The training of qi should be adapted to nature. The qigong exercises to be practised should be selected according to the season or even to the month or the date, and to the physical conditions of the individuals. The time of exercise is determined on the basis of the time of advance and retreat of yin and yang. Su Wen - Si Qi Tiao Shen Da Lun (Plain Questions - Treatise on Regulation of Vitality in Four Seasons) emphasizes the principle of " nourishing yang in spring and summer and replen ishing yin in autumn and winter". In one day, the first six of the 12 two-hour periods (the twelve Earthly Branches by which the 24—hour day is divided), i.e., Zi (11 pm - 1 am), Chou (1 -3 am), Yin (3 - 5 am), Mao (5 - 7 am), Chen (7 - 9 am) and Si (9 - 11 am ) are called the sixyang periods, while the second six, i.e., Wu (11 am - 1 p m) , Wei (1 - 3 pm), Shen (3 - 5 pm ), You (5 - 7 pm ), Xu (7 - 9 pm ) and Hai (9 - 11 pm ), are called the six yin periods. The antients believed that during the six yang periods of the day the external world is filled with active force (the force promoting growth and development) while during the six yin periods the external world is enveloped in stagnant force. So it is advisable to train qi during the six yang periods.
The beginners can practise training of qi mainly in the morning and evening based on their own conditions of constitution and their working habit, and can practise some more flexibly at the free hours. When one' s qi activities inside the body are vigorous, his vital energy is replenished and he can realize that there is a kind of vital qi enveloping him or enveloping around him, he can begin to practice during the Zi, Wu, Mao and You periods, or during the period when he is most sensitive to qi or his qi activity is most vigorous, to achieve twice the result with half the effort.
A master qigong practitioner usually practises qigong exercises during the Zi, Wu, Mao and You periods when he has gained certain experiences. In the concrete, training of qi is performed during the Zi and Wu periods, and nourishing of qi (muyu) during the Mao and You periods. And because the Zi, Wu Mao and You periods represent the fluctuation of yin and yang in terms of its advance and retreat in winter, summer, spr ing and autumn respectively (there are one yang and five yin during the Zi period, one yin and five yang during the Wu period, four yang and two yin during the Mao period and four yin and two yang during the You period), the number and advance and retreat of yin and yang during the four periods are geometrically symmetric and balanced, which can keep the practitioner's yin and yang in equilibrium and is helpful to and ideal for the training of qi.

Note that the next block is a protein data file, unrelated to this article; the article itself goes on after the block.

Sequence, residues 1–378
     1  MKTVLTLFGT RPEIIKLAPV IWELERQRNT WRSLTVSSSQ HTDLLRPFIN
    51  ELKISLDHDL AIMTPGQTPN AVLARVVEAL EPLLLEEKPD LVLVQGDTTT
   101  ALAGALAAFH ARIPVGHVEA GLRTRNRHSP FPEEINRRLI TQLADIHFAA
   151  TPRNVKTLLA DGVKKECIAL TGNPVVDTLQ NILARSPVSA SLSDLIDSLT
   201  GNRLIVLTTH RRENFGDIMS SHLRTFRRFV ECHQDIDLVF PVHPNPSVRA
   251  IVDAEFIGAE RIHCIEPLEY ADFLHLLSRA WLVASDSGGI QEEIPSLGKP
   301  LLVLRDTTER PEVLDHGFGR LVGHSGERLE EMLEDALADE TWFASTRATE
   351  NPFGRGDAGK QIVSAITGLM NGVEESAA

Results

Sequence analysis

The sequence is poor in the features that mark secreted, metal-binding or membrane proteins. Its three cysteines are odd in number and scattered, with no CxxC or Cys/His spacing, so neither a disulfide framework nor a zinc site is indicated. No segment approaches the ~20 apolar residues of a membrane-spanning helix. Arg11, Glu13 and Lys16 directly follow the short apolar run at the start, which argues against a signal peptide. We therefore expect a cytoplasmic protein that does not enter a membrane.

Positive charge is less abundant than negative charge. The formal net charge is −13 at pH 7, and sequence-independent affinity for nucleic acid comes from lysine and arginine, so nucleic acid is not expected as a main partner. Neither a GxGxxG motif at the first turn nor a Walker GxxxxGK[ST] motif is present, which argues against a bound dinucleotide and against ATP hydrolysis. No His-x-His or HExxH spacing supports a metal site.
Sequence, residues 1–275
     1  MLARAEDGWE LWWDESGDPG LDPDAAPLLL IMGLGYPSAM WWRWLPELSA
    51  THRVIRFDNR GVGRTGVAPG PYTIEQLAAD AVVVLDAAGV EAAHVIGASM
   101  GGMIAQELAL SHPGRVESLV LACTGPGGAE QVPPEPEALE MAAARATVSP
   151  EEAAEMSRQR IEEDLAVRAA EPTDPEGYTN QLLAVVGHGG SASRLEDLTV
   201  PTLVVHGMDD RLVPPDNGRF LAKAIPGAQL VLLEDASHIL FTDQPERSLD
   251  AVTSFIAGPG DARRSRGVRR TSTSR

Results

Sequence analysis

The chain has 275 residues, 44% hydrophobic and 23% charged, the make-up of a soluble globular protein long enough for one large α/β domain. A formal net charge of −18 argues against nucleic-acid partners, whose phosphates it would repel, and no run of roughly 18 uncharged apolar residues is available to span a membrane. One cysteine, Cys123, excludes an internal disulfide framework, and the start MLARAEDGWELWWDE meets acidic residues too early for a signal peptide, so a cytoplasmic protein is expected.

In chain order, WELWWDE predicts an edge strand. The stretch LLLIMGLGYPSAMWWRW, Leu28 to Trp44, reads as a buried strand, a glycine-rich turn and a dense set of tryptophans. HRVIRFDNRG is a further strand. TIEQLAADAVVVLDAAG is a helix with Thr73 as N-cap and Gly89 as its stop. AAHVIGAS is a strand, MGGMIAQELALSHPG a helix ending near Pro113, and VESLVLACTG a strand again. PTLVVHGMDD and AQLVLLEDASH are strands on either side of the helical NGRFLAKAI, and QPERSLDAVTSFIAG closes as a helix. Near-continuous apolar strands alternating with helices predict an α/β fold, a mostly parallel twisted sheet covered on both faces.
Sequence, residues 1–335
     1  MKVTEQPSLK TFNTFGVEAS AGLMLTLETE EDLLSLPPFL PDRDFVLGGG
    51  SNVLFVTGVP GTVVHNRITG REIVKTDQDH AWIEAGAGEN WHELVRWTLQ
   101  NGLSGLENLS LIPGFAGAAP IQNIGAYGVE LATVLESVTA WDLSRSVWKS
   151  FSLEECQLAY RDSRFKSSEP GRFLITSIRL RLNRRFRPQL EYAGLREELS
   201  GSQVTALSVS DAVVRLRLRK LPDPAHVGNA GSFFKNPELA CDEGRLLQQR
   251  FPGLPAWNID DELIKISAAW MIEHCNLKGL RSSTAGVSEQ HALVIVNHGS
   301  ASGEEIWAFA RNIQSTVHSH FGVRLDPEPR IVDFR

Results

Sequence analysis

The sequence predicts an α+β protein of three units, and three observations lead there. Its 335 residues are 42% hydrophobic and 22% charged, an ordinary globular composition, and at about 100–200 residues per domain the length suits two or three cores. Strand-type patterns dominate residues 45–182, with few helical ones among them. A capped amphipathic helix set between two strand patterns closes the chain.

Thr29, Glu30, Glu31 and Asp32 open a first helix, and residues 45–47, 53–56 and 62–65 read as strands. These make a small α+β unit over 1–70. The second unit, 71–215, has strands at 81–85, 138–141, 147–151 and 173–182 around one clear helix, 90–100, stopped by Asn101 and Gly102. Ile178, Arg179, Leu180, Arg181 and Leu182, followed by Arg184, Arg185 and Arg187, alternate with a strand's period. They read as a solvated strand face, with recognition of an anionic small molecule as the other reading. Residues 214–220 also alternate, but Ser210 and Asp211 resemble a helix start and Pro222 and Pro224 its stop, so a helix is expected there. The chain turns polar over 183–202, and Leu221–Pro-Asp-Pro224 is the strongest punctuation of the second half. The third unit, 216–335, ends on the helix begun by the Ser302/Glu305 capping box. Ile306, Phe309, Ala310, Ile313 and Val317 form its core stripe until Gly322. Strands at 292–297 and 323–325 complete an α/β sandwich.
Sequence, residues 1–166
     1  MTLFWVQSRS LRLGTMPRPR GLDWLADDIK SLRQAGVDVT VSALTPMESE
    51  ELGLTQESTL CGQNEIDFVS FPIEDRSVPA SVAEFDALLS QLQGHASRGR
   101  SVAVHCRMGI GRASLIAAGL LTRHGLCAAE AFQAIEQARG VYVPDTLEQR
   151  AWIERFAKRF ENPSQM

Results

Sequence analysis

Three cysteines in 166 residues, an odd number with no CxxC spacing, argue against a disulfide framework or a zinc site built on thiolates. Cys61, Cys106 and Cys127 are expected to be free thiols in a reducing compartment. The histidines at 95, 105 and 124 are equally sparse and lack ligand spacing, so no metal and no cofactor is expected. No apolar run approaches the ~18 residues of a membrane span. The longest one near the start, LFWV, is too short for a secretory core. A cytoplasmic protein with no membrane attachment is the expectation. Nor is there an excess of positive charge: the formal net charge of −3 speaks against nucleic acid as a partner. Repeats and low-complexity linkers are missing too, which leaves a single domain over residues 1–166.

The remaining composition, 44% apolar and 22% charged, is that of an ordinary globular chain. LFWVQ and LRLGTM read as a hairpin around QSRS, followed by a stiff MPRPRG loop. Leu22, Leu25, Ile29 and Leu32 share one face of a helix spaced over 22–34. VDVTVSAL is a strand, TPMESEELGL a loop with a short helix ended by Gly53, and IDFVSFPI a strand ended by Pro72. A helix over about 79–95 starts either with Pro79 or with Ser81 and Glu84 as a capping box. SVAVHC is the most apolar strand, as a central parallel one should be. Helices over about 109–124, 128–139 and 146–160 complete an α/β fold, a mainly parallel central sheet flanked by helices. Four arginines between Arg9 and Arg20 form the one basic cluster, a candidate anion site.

Because of the difference between people in physique, such as shaoyang physique, taiyang physique, shaoyin physique, taiyin physique and yin—yang— balanced physique, the time for practice should be determined according to one's own conditions and to the fluctuation of yin and yang in a whole day. Those with yang deficiency should do some practice during the six yang periods to replenish yang-qi; while those deficient in yin should practise more during the six yin periods to get the kidney-yin (kidney essence) sufficient, which in turn may facilitate the preservation of yang qi.
For a patient, the time for practice should be selected in line with the philosophy of yin, yang, the Five Elements, the time of circulation of qi and blood along the course of the channel as well as the severity of illness. For instance, the Hai and Zi periods are good for regulating the function of the kidney, the Yin and Mao periods for the liver, the Si and Wu periods for the heart, the Shen and You periods for the lung, the Zi period for the Gallbladder Channel, the Chou period for the Liver Channel, the Yin period for the Lung Channel, the Mao period for the Large Intestine Channel, and the Chen, Xu, Chou and Wei periods for the Spleen Channel.
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Achieve Health, Wealth And Body Balance Through Yin Yang Mastery. Cut up on the old stone drums of Republic of China, inscribed in books handed down through thousands of years, traced on ancient saucers and on saucers made today, is a sign and a symbol. It is woven into textiles, stitched into embroideries, emblazoned over house gates, wrought into shop emblems, a circle, locked together inside it yang and yin yang, light, yin, dark, each carrying inside itself the essence of the other, each shaped to the other